Planning Committee - Wednesday, 25th October, 2023 6.30 pm

Venue: Council Chamber - Civic Centre. View directions

Contact: Democratic Services 

No. Item


Minutes pdf icon PDF 110 KB

To confirm and sign, as a correct record, the Minutes of the meeting of the Committee held on 27 September 2023.


The minutes of the meeting held on 27 September 2023 were confirmed and signed as a correct record.


Apologies for Absence


Apologies were received from Cllr V Cunningham.


Declarations of Interest

Members are invited to declare any disclosable pecuniary interests or other registrable and non-registrable interests in items on the agenda.


Cllr Howorth declared a non registerable interest in application RU.23/0357 due to his association with the applicant. Cllr Howorth left the room whilst this item was discussed.


Cllr Jenkins declared a non registerable interest in application RU.23/0833 due to living in close proximity to the application site. Cllr Jenkins left the room whilst this item was discussed.


RU.23/1066 - Weybridge Business Park, Addlestone Road, Addlestone, KT15 2UP pdf icon PDF 2 MB

Additional documents:


Proposal: Demolition of existing buildings and the development of employment units (Classes E(g)ii, E(g)iii, B2 and B8) with ancillary office accommodation, vehicular accesses, associated external yard areas, car parking, servicing, external lighting, hard and soft landscaping, infrastructure, and all associated works.


The application stimulated significant debate from the committee, with one of the key issues being concerns about the proposed 24/7 usage on the site and the impact this would have on the surrounding properties, many of which were residential.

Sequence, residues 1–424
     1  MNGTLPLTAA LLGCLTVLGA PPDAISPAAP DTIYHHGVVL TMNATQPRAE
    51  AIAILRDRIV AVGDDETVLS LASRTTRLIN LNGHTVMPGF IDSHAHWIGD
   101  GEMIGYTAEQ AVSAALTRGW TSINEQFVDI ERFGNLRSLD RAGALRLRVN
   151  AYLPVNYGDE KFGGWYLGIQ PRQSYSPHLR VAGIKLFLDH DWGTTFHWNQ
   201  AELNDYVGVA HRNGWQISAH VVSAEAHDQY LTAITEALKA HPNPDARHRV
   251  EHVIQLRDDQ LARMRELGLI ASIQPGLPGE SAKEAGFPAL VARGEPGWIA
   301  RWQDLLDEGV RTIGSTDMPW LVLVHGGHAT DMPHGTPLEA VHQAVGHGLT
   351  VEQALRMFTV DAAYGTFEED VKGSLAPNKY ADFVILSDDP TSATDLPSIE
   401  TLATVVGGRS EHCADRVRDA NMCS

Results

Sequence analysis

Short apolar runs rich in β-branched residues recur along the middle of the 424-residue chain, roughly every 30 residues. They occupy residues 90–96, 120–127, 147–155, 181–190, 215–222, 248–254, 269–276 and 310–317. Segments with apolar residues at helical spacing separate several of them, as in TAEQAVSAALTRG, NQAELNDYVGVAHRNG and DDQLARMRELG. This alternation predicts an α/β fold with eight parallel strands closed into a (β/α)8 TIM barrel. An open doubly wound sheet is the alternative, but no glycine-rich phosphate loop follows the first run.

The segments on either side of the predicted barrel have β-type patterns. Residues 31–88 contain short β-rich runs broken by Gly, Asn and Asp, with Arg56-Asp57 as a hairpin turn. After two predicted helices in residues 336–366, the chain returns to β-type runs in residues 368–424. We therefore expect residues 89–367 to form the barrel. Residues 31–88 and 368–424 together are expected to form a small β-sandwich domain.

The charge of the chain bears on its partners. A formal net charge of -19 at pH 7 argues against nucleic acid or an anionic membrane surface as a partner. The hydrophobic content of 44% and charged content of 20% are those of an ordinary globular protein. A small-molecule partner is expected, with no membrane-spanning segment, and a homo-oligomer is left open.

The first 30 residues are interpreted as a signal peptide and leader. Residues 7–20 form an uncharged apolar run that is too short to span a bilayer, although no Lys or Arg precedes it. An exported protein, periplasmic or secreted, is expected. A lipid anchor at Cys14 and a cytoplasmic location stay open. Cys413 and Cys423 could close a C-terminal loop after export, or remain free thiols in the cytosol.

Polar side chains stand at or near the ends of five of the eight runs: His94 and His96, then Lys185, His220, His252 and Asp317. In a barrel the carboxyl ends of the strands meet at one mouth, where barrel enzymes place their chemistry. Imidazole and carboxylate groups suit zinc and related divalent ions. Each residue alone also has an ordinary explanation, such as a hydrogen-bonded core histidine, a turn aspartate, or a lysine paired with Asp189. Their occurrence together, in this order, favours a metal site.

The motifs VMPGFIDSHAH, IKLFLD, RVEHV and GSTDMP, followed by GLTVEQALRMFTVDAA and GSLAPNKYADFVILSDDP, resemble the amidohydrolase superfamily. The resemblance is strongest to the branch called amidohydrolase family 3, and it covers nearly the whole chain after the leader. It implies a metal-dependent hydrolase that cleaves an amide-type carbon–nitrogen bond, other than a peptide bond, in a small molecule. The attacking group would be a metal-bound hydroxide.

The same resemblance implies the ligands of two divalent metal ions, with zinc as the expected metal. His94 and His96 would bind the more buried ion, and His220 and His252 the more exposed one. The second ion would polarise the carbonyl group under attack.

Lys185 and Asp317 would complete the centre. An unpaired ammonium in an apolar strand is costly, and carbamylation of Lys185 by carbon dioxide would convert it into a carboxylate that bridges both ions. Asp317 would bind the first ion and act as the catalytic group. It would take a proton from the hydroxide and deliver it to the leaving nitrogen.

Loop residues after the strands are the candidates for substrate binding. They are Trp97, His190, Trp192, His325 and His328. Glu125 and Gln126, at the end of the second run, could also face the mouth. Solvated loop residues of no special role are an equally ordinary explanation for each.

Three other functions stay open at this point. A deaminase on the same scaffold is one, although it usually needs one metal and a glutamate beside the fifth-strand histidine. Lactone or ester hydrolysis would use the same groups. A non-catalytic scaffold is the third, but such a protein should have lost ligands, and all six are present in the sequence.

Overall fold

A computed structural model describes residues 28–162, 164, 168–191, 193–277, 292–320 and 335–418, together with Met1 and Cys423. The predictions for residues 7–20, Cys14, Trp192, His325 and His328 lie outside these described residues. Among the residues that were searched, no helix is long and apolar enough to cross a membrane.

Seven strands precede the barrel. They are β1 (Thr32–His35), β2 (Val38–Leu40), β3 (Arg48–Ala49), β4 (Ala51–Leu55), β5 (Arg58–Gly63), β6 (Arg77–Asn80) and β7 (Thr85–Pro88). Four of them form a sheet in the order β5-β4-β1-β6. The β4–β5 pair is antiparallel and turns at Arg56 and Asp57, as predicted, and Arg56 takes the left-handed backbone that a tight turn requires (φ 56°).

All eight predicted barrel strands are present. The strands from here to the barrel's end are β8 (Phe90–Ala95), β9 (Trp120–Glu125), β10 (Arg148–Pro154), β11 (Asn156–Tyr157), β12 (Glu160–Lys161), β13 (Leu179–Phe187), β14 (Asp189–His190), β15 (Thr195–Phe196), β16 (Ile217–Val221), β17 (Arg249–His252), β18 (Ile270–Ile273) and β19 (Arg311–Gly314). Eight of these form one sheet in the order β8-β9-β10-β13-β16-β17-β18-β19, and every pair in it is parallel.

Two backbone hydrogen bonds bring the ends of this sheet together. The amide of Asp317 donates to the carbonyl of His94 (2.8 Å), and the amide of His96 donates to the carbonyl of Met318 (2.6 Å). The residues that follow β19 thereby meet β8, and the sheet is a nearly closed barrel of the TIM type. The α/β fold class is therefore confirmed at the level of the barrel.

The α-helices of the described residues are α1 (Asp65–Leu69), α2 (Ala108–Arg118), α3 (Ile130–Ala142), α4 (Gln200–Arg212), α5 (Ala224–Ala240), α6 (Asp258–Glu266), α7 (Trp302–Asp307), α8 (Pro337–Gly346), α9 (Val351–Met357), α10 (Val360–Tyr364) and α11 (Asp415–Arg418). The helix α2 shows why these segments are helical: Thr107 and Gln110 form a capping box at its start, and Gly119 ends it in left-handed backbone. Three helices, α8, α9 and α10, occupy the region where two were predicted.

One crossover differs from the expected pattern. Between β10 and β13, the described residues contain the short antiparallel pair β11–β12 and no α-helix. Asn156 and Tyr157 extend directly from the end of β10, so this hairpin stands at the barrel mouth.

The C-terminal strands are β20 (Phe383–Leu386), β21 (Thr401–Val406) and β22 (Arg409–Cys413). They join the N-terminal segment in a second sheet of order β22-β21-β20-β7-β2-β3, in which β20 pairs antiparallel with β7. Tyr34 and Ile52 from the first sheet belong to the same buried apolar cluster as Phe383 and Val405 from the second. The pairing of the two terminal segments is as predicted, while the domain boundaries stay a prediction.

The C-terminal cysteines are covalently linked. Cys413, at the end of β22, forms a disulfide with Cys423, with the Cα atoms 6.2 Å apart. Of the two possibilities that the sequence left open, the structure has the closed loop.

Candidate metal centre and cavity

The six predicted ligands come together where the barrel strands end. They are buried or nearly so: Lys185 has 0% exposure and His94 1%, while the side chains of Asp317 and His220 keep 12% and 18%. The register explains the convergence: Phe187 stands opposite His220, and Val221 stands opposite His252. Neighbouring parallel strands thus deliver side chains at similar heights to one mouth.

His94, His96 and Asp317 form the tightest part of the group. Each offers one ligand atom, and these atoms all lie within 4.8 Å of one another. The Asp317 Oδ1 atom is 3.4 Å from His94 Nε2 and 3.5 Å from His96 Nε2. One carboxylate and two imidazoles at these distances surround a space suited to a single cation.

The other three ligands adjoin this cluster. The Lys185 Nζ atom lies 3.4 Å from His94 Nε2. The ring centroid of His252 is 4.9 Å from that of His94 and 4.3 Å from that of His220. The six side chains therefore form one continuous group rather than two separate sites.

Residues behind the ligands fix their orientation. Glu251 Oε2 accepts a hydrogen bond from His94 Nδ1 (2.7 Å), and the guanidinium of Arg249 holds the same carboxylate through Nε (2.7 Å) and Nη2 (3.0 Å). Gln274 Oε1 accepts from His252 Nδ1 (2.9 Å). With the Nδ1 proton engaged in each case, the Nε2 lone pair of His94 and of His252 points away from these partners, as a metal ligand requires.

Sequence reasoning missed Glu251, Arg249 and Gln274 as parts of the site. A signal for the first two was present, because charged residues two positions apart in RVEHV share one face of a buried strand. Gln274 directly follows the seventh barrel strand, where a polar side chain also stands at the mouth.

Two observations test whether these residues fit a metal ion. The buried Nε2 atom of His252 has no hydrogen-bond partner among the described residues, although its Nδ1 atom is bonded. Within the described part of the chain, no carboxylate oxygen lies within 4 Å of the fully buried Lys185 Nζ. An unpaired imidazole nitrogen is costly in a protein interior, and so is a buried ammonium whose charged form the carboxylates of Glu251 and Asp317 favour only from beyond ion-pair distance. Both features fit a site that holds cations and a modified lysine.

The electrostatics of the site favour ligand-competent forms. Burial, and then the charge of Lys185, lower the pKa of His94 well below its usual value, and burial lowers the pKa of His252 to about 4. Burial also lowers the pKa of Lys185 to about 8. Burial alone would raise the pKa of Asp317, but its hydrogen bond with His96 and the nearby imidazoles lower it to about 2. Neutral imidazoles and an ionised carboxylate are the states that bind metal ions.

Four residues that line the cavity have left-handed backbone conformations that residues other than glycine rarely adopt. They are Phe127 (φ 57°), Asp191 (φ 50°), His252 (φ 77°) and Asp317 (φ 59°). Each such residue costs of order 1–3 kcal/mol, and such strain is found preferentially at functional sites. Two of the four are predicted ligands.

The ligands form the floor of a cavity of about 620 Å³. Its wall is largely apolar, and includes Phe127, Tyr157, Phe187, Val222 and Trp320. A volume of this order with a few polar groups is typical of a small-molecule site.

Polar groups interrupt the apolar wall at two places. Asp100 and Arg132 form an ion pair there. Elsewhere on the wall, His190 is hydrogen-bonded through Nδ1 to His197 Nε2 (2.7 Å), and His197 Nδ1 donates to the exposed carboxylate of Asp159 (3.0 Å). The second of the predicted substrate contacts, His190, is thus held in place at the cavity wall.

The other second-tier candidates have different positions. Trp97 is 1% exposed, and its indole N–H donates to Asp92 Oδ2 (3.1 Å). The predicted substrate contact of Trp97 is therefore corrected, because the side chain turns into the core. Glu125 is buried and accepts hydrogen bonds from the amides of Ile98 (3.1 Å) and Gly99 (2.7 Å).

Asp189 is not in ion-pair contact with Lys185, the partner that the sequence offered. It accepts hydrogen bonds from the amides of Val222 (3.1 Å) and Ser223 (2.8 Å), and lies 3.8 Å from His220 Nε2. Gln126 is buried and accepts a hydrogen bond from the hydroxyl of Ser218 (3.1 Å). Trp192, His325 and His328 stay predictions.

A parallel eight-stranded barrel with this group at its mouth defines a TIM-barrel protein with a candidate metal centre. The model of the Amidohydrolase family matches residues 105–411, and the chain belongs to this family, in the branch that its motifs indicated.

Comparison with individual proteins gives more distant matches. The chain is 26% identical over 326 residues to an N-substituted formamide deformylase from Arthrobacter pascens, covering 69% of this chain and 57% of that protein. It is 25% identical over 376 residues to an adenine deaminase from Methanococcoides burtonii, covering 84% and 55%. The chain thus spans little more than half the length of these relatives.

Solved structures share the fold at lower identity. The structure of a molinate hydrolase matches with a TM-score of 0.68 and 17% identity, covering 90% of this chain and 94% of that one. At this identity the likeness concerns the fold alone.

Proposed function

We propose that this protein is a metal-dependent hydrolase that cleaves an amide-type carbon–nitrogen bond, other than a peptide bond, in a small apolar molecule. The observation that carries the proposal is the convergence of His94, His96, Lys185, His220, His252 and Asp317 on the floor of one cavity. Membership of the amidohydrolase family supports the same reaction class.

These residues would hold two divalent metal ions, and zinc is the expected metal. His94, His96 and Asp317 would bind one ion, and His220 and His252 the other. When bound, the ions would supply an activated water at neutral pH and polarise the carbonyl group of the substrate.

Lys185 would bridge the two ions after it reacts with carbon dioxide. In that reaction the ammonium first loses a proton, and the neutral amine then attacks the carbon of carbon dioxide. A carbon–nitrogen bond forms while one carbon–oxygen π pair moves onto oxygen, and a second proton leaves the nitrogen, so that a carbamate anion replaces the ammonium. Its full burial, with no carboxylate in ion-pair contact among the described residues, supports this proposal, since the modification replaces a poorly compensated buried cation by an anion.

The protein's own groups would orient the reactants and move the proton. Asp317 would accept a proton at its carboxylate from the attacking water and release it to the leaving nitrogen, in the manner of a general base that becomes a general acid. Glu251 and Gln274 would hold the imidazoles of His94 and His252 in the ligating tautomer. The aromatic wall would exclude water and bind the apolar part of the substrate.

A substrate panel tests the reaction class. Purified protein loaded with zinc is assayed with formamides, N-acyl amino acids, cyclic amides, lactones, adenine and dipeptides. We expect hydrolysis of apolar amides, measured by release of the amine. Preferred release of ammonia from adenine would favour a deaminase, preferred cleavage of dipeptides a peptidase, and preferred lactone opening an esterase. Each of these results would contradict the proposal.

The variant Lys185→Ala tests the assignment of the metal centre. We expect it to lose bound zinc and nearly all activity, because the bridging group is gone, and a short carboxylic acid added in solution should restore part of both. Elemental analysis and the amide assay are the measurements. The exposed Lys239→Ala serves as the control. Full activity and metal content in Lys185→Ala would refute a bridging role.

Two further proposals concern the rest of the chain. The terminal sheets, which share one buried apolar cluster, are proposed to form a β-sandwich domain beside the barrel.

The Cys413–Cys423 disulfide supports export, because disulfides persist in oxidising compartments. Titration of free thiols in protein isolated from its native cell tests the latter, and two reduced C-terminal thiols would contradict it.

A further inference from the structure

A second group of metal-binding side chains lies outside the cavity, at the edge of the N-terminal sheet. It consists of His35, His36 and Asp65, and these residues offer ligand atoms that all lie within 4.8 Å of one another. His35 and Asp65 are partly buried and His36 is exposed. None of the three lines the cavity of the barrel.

Early on in the debate it was proposed to include a condition that put a restriction on usage of the site between the hours of around 7am – 9pm to avoid overnight disruption.  The Head of Planning advised that conditions had to be necessary and for good planning reasons and officers believed that the mitigations put in place by the applicant, along with the lack of an objection from the council’s Environmental Health suggested there would be no evidence of significant harm arising that would justify a condition around usage.  Whilst it was within the gift of the committee to disagree, any condition could still be appealed and subsequently removed if there was no evidence to suggest it was necessary.


There was also debate around the proposed timing of the restrictions, with some members preferring an earlier finish time whilst another proposed overnight movement to minimise the impact on the road network.  The Head of Planning advised that 7am – 9pm would be a reasonable condition to impose and more stringent timings would be unduly restrictive and could incentivize the applicant to appeal the condition.  Applying financial penalties for not adhering to these times similar to an airport penalising airlines flying outside of agreed hours was not an option available to committee.


The location of the site and the fact that there was only one vehicle entrance/exit in and out of the area caused concern, particularly in the context of the large increase of vehicle movements in and out of the site along with the fact that area was a mixture of residential, retail and commercial properties and residents would have difficulty parking.


Concern was also raised about disruption during construction, however the Head of Planning advised that a condition imposed a construction management plan and inconvenience caused during construction was not a planning consideration, a certain degree of disruption was to be expected.